Oro Plata Mata, like Himala, is one of the most critically-acclaimed Filipino movies, and it tells the story of two aristocratic families, the Ojedas and the Lorenzos, in the province of Negros during World War II. The film takes cues from its title, segmenting the 194-minute oeuvre into three parts: Oro (gold), showing the families’ lives of luxury in the city before the Fall of Corregidor; Plata (silver), which sees the families seeking refuge in the province; and Mata (bad luck), where they retreat into the mountains. Oro Plata Mata won the Gawad Urian for Best Picture, Direction, Cinematography, Production Design, Musical Score, and Sound.
Sana Maulit Muli (1995) dir. Olivia Lamasan
Starring Lea Salonga and Aga Muhlach, Sana Maulit Muli, like Anak, consistently appears in academia as a film that tackles issues relating to overseas Filipino workers, or OFWs. It tells the story of Agnes and Jerry and their attempt at a long-distance relationship. Sana Maulit Muli has been nominated at the FAMAS Awards as well as the Gawad Urian, winning Best Picture, Best Actor, and Best Screenplay.
Glorious (2018) dir. Connie Macatuno
Everyone’s heard about Glorious. This provocative, titillating movie about a May-December romance caused a stir on social media when its trailer first dropped. Starring Angel Aquino and Tony Labrusca, Glorious tells the story of Glory, a 52-year old who falls in love with someone thirty years her junior. Their relationship, of course, is juxtaposed against a disapproving public.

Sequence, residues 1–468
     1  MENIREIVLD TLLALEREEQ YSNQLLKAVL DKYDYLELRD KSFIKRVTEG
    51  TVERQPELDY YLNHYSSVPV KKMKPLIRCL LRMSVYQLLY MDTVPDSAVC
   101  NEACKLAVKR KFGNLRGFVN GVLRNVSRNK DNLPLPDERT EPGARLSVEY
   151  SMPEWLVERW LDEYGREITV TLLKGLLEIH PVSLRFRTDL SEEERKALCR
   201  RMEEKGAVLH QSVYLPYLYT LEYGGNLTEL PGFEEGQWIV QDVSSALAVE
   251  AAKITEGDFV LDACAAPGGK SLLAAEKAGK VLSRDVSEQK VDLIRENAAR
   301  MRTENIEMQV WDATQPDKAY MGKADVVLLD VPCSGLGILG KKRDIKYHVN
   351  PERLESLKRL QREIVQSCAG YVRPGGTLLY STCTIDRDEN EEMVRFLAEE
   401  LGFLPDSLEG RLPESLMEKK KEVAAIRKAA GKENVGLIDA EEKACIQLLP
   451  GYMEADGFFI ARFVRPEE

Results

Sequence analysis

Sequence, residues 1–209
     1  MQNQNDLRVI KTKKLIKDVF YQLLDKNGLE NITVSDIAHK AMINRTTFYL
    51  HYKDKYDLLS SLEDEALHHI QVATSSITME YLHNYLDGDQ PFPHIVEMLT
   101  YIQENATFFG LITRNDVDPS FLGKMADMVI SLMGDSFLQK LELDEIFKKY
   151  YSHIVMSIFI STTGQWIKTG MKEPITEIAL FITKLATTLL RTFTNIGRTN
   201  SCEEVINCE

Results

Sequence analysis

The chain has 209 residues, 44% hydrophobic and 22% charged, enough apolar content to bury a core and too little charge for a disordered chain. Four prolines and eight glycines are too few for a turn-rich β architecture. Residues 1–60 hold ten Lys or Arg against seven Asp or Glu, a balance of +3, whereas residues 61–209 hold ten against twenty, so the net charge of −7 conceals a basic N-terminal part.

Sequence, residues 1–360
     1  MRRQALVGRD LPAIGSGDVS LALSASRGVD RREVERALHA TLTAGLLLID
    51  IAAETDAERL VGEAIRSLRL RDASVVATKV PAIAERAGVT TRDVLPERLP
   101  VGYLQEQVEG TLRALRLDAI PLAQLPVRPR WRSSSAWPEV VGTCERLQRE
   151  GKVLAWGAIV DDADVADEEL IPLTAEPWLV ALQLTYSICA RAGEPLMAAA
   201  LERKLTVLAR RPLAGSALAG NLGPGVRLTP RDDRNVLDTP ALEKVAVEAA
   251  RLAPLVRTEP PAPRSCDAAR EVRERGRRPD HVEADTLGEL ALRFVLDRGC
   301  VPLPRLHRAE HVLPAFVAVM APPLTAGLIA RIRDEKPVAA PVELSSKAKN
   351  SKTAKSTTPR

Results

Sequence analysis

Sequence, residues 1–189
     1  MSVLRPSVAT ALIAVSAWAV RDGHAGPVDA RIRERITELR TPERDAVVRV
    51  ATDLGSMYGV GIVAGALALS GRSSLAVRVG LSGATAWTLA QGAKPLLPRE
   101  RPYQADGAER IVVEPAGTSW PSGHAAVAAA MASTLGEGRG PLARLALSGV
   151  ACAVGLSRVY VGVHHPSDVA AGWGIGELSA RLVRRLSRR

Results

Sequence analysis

Momol Nights (2019) dir. Benedict Mique
Momol Nights stars Kit Thompson and Rak of Aegis’ Kim Molina in this fun romp of a romcom where Peng, played by Molina, owns her sexuality confidently and comfortably. Reeling from a recent heartbreak, she believes that sex is a sacred act, so of course her friends dare her to make out (or MOMOL, “make out-make out lang”) with a stranger. This leads to shenanigans—and a relationship, of course!—but they’re all lighthearted and fun. Momol Nights is a feel-good film perfect for lazy, hazy nights.